Job 1:13-22 Trust

It may have been the case that Job might have perceived the terrible news that follows, with four witnesses confirming the validity of the events, that it was due to something his children had thought or did that was against God’s law which led to the terrible news. The book opened with the topic of Job’s concern about this very possibility, cursing God, that offered sacrifices and prayers as God law demanded for any sins committed. However, the second part of chapter one refutes this, in that the LORD permitted these events to show his grace in Job’s life, in that he chose not to curse God.

With enemy onslaughts (13-15, 17), alternating with so-called ‘natural’ events, such as fire and wind, or so-called ‘acts of God’ (16, 18-19), Job responds as one who knows that God is sovereign in both kinds of calamity. He humbled himself and was moved to worship, not to cursing as Satan had claimed he would. “In all this Job did not sin nor charge God with wrong.” (22) Instead, Job utters the profound testimony of one who trusted in his sovereign LORD – for good or ill (21). All of life is a gift from God. Who can charge God with wrong doing, when we do not earn these blessings anyway?

Job 1:6-12 Satan’s Mission, And The LORD’s Grace.

Job 1:6-12 Satan’s Mission, And The LORD’s Grace.

Job, as a writing prophet, is taken to the throne of heaven, where the angels and Satan are also summoned (6). God knew where Satan had been, but others, including ourselves, need to know. He was also forced to bear witness to his work while roaming the earth (7). He confessed His enmity toward the LORD, and thus also against his servant Job. The LORD speaks here as the covenant making and covenant keeping LORD, so that we are to understand that Job was “blameless and upright”, fearing God and shunning evil, because he was the object of God’s grace. Satan knew that Job had been blessed with unmerited favour (9-10). Satan suggests that Job was the man he was because God also blessed him with great wealth and peace. 

It is as though Satan is forgetting his high and lofty position before he rebelled, and yet conscious of forever remaining the LORD’s defeated enemy (Is. 14:12-15; Lk. 10:18). Satan stated that if all this blessing were taken from Job that he would return God’s blessings with cursing (11). In other words, he suggests that Job was better than him, in that Satan cursed God while in his high position. He suggests that Job would, like himself, do so to the LORD’s face. However, Satan was destined for reprobation, while Job was not. Satan only had such limited power as God let him exercise (12a). Satan lived, and still lives, to seek to challenge the faith even of God’s elect, but only as he is sent from the presence of the LORD (12b).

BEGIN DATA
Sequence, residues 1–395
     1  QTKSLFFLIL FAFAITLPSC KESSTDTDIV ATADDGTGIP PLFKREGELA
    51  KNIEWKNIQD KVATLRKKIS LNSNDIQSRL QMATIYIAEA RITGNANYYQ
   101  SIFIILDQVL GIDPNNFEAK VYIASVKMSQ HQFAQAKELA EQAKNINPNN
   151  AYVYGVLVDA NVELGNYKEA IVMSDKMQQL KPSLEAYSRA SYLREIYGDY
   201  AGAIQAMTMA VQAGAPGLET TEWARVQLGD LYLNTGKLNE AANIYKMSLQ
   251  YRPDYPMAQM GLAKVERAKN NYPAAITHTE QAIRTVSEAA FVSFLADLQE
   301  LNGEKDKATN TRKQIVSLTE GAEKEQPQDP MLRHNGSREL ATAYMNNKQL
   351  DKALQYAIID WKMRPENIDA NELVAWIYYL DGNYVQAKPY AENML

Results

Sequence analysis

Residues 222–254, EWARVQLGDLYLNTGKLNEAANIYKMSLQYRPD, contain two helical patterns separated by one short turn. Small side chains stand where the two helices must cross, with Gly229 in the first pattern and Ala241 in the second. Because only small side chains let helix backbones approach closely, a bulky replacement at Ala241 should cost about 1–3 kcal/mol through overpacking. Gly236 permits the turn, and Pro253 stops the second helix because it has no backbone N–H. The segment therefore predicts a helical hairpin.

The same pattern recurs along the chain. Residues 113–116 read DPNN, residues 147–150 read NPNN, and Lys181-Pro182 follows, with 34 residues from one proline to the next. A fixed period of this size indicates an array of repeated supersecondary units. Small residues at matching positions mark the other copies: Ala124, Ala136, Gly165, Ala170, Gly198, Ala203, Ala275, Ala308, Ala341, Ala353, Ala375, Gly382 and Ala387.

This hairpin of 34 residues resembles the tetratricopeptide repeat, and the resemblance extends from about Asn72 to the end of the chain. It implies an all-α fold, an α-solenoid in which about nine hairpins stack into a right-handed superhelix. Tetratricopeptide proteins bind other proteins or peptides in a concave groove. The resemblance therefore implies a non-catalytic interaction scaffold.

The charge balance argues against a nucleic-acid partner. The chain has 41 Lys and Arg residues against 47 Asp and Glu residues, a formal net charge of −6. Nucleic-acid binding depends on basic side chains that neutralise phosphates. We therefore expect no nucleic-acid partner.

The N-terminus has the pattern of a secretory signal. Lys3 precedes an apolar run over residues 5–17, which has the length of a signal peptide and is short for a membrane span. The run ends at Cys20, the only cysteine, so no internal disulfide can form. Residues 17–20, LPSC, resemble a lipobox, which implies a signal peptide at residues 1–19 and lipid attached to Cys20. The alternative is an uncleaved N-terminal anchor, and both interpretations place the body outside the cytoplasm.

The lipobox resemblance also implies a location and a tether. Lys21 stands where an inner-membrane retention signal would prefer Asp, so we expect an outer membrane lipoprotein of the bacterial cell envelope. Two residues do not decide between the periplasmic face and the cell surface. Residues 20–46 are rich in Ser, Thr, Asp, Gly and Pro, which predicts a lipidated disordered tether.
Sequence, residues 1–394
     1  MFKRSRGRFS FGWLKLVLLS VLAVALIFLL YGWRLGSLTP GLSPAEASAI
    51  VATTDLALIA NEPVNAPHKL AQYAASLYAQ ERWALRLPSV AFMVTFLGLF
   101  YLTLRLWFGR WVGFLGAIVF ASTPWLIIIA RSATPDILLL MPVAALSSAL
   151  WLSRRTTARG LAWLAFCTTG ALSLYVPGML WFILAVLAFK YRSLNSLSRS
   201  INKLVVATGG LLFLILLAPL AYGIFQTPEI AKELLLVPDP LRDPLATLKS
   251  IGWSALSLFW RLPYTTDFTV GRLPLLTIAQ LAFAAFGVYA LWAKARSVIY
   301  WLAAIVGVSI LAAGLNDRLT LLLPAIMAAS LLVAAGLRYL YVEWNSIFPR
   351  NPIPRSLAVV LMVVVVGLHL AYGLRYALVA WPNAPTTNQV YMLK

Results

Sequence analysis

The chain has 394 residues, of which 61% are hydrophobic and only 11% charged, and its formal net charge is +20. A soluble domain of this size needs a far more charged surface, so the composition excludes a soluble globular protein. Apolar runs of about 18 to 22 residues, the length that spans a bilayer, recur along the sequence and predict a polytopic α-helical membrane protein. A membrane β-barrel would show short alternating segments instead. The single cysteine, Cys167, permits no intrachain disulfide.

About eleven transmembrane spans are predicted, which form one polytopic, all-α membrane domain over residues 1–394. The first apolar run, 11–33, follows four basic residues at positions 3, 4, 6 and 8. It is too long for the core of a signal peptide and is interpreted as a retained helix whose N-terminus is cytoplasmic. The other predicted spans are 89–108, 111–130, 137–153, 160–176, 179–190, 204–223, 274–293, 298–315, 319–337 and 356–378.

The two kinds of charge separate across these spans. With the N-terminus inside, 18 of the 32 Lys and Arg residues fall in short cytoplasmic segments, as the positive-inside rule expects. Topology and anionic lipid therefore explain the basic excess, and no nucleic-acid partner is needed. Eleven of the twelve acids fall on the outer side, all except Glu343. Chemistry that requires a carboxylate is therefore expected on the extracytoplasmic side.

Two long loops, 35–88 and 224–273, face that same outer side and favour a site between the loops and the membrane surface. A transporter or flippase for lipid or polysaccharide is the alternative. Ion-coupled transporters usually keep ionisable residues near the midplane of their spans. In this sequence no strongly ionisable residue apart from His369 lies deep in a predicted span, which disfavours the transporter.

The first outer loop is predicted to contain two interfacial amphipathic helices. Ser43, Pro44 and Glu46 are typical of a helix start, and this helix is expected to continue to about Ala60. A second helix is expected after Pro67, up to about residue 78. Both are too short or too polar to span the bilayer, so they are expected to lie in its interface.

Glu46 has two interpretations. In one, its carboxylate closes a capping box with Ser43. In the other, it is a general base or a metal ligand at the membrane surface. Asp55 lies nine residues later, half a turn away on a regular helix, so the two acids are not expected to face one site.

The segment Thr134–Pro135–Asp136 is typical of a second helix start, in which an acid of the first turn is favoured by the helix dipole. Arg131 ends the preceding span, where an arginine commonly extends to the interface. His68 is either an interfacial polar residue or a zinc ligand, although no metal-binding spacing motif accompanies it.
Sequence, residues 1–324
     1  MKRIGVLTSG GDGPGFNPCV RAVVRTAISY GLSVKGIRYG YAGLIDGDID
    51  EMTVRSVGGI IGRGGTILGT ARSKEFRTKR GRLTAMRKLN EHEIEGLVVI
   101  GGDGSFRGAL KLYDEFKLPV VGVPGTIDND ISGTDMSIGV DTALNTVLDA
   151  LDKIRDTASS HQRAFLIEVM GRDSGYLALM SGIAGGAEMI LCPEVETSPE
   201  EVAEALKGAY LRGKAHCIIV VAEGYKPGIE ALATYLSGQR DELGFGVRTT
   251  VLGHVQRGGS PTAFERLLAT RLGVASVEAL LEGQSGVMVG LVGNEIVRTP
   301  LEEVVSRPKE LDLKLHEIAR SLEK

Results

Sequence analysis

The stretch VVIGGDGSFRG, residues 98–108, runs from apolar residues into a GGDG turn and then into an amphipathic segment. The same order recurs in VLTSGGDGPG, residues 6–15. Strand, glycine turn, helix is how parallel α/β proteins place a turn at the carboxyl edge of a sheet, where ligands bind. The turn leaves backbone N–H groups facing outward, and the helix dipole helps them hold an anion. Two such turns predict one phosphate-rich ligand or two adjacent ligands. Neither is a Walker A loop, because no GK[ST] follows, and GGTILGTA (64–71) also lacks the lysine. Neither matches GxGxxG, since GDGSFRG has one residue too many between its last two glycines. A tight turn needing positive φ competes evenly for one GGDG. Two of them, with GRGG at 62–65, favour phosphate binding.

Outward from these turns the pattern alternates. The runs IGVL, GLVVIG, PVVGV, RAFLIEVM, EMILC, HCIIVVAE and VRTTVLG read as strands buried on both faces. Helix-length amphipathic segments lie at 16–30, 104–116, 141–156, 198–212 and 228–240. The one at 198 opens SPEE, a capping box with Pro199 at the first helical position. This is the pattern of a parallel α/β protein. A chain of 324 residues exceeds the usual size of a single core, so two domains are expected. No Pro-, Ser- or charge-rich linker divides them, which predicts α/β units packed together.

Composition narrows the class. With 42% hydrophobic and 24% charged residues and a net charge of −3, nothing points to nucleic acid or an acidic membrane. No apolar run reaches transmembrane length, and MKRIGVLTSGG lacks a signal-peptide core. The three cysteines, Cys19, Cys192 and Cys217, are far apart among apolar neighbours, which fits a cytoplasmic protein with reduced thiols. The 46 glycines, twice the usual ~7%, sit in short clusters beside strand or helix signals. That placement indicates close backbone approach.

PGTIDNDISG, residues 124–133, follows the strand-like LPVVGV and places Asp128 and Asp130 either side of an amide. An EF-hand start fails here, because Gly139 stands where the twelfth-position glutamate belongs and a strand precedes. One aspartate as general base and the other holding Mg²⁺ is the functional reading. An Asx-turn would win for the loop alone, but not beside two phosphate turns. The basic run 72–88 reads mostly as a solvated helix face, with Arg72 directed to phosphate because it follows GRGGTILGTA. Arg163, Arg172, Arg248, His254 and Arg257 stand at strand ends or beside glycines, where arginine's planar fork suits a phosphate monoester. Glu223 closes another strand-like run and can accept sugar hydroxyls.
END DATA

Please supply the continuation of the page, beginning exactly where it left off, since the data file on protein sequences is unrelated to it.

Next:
Phil. 4:21-23 Greet Every Saint.

With the biblical church, every member of the body is a saint, and we are called to greet all as members of the same family (21). There ought to be no barriers to acceptance of one and all those who believe and live the gospel of our Lord and Saviour Jesus Christ. The members of Caesars household were the most highly esteemed in that society, yet Paul notes that they made a deliberate move to greet one and all (22). In this simple way we show that membership, and our treatment of each other, is all of grace (23).

Phil. 4:14-20 Fruit of Glory.

Paul commends the Philippians for participating with him in the work of the gospel, when no one else did. He was more happy for this fruit in their lives than the fruit itself, because it was evidence of the genuineness of their faith (14-16). It was help, not for his wants, but for his necessities (17). We do well to remember both things – giving to others for their necessities or needs. Paul called what he received, and from what they did, as “a sweet smelling aroma, an acceptable sacrifice, well pleasing to God.” (18) In turn, Paul was confident that God the Father would supply all their needs, “according to the riches in glory by Jesus Christ.” (19). The Father supplies all our needs from his throne of the glory-presence, where Jesus is at his right hand (Ps. 110, Heb. 1:3). “Now to our God and Father be glory forever and ever. Amen.” (2) Reigning sovereignly from his glory-presence is an eternal reality – without beginning, end, or interruption. Amen.

Phil. 4:10-13 Flourishing?

Paul learned to be content in every situation, but here he tells the saints that he rejoiced to receive their help, mainly because it showed that they were true believers (10-12). We are called upon to help each other, as we have opportunity, something the so-called church never does today. The ‘opportunity’ is only after a spouse, 2.5 kids headed for college or university, the latest vehicles and toys, and then not even enough to pay a pastor a comparable wage. If the biblical example is to be our guide, then I have never been more convinced than ever, that the vast majority who call themselves Christians, and attend church, even evangelical and reformed ones, are fake. I am learning to follow Paul, to “do all things through Christ who strengthens me.” (13) I also find the current population of those giving every sign of being reprobates, especially within the so-called evangelical and ‘reformed’ fold frightening, especially those of my own physical blood, and ‘family ties’. I do not concern myself with the mainline obvious synagogues of Satan.